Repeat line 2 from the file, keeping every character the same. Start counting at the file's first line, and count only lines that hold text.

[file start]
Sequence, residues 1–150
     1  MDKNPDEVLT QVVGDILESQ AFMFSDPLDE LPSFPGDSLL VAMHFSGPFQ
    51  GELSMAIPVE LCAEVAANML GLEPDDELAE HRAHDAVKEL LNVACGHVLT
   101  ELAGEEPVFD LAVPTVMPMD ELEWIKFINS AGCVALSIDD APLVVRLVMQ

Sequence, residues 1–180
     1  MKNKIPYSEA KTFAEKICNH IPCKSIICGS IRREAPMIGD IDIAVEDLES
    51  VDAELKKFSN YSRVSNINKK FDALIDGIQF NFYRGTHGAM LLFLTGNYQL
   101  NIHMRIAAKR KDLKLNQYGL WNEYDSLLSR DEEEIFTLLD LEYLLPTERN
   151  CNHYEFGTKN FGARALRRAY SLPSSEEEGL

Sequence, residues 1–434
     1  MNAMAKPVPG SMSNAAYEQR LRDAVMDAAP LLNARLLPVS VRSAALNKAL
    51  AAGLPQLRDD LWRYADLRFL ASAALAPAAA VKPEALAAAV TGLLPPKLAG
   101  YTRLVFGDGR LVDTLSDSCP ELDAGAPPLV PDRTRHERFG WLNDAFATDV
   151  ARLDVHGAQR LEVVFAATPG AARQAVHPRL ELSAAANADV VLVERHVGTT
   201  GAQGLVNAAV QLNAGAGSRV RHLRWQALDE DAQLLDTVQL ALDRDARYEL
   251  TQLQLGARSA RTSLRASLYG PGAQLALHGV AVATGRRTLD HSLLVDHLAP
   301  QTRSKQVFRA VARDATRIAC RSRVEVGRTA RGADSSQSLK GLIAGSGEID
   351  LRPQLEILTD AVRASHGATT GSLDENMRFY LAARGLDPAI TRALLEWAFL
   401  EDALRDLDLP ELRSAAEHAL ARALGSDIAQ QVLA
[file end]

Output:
     1  MDKNPDEVLT QVVGDILESQ AFMFSDPLDE LPSFPGDSLL VAMHFSGPFQ